In addition to insufficient support for the claim that the virus is man-made, the authors of the pre-print are not affiliated with a research institution, but rather the Rule of Law Society & Rule of Law Foundation, two related organizations with no prior record of scientific publications. The authors do not disclose any potential conflict of interests, even though these entities have connections to the former chief White House strategist Stephen Bannon and the exiled political activist Guo Wengui. Bannon and Wengui published misinformation about COVID-19 in the past.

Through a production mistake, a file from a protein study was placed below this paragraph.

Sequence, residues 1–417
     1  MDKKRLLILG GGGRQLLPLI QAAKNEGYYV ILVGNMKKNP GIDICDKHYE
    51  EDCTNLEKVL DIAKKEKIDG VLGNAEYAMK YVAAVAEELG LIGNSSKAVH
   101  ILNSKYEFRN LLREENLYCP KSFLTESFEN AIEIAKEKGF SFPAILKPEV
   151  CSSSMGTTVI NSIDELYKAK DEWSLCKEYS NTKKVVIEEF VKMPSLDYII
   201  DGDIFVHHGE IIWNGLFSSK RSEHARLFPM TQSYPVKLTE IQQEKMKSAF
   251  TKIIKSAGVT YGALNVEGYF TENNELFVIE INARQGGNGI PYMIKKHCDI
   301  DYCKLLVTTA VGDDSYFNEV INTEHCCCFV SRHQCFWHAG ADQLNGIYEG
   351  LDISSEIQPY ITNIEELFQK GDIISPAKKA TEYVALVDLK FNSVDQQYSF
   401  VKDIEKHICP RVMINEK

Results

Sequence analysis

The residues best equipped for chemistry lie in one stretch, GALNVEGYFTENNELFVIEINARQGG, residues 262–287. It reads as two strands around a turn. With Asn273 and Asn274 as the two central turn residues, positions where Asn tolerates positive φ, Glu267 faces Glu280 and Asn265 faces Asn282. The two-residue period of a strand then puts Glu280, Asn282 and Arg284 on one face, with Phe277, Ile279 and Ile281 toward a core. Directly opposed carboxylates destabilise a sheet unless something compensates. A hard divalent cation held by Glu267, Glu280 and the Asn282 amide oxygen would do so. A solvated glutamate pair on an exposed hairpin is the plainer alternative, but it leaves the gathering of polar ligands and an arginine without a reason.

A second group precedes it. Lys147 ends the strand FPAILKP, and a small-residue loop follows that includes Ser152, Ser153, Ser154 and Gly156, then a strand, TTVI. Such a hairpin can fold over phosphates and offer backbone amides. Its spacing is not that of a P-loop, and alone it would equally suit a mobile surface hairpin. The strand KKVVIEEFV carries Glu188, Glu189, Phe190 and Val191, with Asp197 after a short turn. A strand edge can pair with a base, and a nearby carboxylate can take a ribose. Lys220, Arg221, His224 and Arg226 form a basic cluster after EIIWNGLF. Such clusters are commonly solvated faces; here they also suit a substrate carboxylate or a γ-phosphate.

Scientists and public health authorities repeatedly refuted similar claims about the origin of SARS-CoV-2. On 19 February 2020, 27 eminent public health scientists stated in The Lancet that numerous international studies analyzing the genome of the SARS-CoV-2 virus “overwhelmingly conclude that this coronavirus originated in wildlife as have so many other emerging pathogens.” On 30 April 2020, the U.S. Office of the Director of National Intelligence concurred with the scientific consensus. Indeed, the transmission of pathogens from animals to humans is a common process called zoonosis, which is responsible for about 60% of the emerging infectious diseases globally, according to the World Health Organization.